Single-owner 911, and the stories of Jack Dougherty

1972 911T 2.7L

Long time client and all-around great guy, Jack Doughtery, stopped by to tell us a little more about his ’72 911T, and we managed to pass a few hours soaking in stories of Iwo Jima, leased car adventures,  and his love of his 911… from day one.

Sitting in his relaxed , cross-legged  manner with a memorable, endearing smile, and donning his Marine Corp League – Dayton Detachment mesh hat, he clearly has a few years of experience. With his quick wit you’d never guess he’s surpassed the 90 year mark. We invited him in to talk about his car, and discuss what’s kept him in love with his car for the last 43 years, but we got way more than we bargained for with stories of all kinds.

His story starts in the years ago joining the Navy, being called up by the Marines, and going back to the Navy. He was a guy in demand for his specific skills, and that later translated into graduating from the military, and going to college, and become a very highly respected oral surgeon.

 Jack Doughtery

 

“Had I known that, I may not have come for you!”

Beyond being good at his craft, he was a lucky guy. As a Navy Corpsman he found himself right in the middle of the storm on Iwo Jima, and in one of the fiercest battles on the island near the southern tip by Mt. Suribachi. Young, vicarious, and driven to help those in need, Jack and his guys landed in a situation of one man left behind in a bunker under fire. Jack volunteered (more correctly insisted) he go and rescue his fallen comrade stuck in the trench. Asking for smoke grenade and heavy cover fire, he  made the battlefield dash to dive into the trench. Only to find the guy had a branded line on his back from a bullet that grazed him. “Had I known that, I may not have come for you!” Jack recalls yelling at the gent. From that moment, they proceeded to get pinned down under fire for the subsequent nine hours. Strategically, they fired and returned fire, then, waited, and managed to take out the last of their opponents. Making the dash back, he recalled, was nerve-racking, but finding all the foxholes that previously housed his company were all empty, was even more so. The field promoted Lieutenant, was not a the caliber of leader they were use to, and Jack insured he made it back to the group to give him a piece of his mind. Jack’s demeanor and laugh, gave great insight of how his likes things done… by the book and without fear.

Jack followed his passion, and frankly what his excelled at, graduating from college to become an oral surgeon, and jumped into his residency. During his time travelling back and forth at a practice in Northern Ohio, he realized that he wasn’t good at maintaining cars, and honestly it really wasn’t his thing. Leasing became his go to way to drive a bunch of new cars, and never have to really ‘take care of them’. A friend  turned him on to leasing, and $187 later he was driving a brand new Ford Convertible,… and that covered the first TWO months! He was hooked.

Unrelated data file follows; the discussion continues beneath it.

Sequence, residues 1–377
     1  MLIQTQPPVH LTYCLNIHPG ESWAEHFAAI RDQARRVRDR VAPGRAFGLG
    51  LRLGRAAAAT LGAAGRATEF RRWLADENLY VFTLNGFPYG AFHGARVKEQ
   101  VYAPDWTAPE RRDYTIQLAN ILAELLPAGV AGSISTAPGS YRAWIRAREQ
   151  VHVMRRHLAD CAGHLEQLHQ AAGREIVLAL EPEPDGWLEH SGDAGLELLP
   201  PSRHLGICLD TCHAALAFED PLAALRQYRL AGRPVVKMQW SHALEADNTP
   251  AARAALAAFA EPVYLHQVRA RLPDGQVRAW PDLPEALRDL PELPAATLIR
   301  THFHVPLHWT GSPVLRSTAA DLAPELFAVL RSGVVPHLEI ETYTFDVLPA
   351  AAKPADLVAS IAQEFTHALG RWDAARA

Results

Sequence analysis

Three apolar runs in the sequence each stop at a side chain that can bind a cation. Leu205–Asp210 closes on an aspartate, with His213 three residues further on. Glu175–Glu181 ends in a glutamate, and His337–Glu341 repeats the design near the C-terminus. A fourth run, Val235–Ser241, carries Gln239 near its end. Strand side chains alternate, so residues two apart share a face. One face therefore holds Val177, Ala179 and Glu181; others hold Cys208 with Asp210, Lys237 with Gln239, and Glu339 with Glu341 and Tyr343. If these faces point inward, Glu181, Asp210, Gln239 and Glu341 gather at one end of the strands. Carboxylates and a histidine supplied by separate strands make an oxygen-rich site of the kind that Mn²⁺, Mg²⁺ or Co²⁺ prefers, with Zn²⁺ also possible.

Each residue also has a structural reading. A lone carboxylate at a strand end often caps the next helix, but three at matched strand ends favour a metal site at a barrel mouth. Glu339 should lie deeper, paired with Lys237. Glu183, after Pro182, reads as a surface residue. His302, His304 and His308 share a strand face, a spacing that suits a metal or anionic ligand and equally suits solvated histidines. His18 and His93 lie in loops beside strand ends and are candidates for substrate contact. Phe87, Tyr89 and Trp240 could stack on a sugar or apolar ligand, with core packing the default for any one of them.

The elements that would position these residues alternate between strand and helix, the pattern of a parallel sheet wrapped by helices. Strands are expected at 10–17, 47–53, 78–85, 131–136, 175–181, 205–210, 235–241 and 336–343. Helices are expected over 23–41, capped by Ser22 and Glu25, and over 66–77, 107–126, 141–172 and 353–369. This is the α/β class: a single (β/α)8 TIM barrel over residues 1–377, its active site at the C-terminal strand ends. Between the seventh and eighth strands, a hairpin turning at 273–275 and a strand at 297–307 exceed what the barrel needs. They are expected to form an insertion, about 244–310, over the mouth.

…eventually the sloshing of water in the floor boards got to him.

 Over the years, when the his cars needed something addressed with maintenance, he just got a new one to start all over again. Having owned Fords, Pontiacs, and a couple Thunderbirds he decided to make a change, and go after something that caught his eye years ago, and this time own it. His friends gave him a hard time when he’d leave the top down in the rain, but eventually the sloshing of water in the floor boards got to him in his last and final big iron lease.

In 1972, Jack broke down, and brought the Porsche 911T he still owns to this day. Originally purchased from Century Motors located on Dixie Drive in Moraine, the beautiful tangerine color struck his fancy. With rebates at the time, his total purchase price came to $10k. He drove it for many years, enjoyed it, and in many ways was his daily transportation. After a few mechanical engine issues with the early generation mechanical injection he decided to take it to Ray Thacker. Thacker was the man behind, Stuttgart Automotive, and the guy to perform the tuning. Once inside the project, Ray made a few recommendation, that Jack was apprehensive about, but trusted his judgement. With Jack, giving the ‘yes’ to proceed, the car became a 2.7L, Weber fed motor. “Seeing all the parts of my motor all over the place, on the bench and in buckets didn’t give me a lot of hope, but I had great trust in him, so I kept my mouth shut.” Having fits with the early mechanical injection was a thing of the past. Jack got his car back as promised and BETTER. “I was relieved to actually get it back all in one piece”, Jack recalls, and has never regretted it in the least.